the person who is in charge of political debates in some parliaments
Origin and usage
The word speaker, meaning ‘one who speaks’, dates back to the 14th century and comes from part of the Old English verb ‘sprecan’ combined with the suffix ‘-er’. The use of the term to refer to the person chosen by the House of Commons to represent it and preside over its debates is almost as ancient, dating from the very beginning of the 15th century. The extension of the title to those holding similar positions in other assemblies came later; for example the US Constitution (1789) refers to a speaker in the house of representatives (all in lower case).
The role of the Speaker of the House of Commons is mainly to preside over debates and decide who to call to speak. The Speaker is also responsible for maintaining order and punishing those who break the rules of the House. The Speaker is an elected MP but does not vote and is traditionally expected to be non-partisan, renouncing all party affiliations when they take office. So far there has been only one female Speaker of the House of Commons, Betty Boothroyd, who held the office from 1992 until 2000. The comparable role in the House of Lords, that of Lord Speaker, has only been in existence since 2006, before which the role was held by the Lord Chancellor. So far there have been two female Speakers in the House of Lords; Norman Fowler, the current Lord Speaker, is the first man to hold the position. In the US, Nancy Pelosi is now on her second term as Speaker of the House of Representatives, having served first from 2007-2011.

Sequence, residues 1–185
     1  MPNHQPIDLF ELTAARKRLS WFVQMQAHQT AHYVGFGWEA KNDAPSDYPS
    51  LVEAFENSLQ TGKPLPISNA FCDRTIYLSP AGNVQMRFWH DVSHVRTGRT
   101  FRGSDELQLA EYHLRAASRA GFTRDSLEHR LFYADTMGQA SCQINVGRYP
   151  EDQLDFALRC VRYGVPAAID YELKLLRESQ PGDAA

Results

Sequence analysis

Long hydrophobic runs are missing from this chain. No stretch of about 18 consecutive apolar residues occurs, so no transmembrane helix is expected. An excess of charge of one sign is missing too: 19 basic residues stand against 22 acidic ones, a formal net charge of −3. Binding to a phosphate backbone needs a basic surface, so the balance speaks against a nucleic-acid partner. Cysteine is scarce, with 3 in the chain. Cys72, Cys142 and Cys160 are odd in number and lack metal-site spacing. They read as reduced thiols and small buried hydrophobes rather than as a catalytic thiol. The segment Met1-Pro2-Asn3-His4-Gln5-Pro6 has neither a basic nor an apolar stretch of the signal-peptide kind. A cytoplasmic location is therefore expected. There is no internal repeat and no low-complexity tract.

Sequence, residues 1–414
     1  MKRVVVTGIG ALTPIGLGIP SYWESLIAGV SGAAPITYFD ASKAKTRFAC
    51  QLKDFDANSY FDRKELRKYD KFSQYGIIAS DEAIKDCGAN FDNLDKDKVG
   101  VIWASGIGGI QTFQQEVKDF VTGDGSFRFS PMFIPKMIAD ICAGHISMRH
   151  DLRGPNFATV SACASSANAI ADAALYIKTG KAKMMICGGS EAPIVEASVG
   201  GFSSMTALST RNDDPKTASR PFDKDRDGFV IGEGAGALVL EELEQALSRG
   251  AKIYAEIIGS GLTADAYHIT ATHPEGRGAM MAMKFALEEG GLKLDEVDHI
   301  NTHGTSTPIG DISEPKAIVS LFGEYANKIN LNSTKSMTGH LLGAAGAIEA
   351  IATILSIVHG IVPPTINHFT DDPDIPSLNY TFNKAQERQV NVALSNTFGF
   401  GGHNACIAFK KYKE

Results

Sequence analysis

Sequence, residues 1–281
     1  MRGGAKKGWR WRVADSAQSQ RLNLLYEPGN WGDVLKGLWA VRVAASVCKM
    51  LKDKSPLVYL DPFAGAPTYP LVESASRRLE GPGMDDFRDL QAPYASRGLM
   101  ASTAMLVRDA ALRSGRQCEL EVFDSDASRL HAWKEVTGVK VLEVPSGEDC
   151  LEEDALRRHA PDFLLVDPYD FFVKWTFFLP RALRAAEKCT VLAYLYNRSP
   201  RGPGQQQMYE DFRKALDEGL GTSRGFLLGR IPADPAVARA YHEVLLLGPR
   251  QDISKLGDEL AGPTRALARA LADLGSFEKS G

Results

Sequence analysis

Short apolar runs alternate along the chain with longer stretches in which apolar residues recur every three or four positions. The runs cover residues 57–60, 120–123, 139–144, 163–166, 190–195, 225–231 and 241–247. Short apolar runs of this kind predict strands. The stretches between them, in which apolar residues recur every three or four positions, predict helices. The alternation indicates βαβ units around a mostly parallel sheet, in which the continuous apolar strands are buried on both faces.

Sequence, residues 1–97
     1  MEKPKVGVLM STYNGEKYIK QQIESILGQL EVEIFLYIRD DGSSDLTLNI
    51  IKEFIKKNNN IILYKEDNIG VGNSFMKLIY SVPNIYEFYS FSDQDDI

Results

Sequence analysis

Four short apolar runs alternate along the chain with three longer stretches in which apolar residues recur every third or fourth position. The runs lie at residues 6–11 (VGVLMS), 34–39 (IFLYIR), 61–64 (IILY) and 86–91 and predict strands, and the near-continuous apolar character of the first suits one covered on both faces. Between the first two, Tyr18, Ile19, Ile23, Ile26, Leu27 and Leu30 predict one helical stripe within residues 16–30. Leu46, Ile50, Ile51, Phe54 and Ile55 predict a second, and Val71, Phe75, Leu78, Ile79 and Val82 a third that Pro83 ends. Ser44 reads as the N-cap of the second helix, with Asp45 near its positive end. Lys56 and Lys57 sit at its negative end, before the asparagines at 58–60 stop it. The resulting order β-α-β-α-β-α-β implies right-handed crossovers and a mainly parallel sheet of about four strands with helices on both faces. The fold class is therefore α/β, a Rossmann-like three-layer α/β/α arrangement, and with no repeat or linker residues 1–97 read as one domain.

“Being the first woman speaker and breaking the marble ceiling is pretty important. Now it’s time to move on.”
chamber, floor, parliamentarian
View the full definition in the Macmillan Dictionary.
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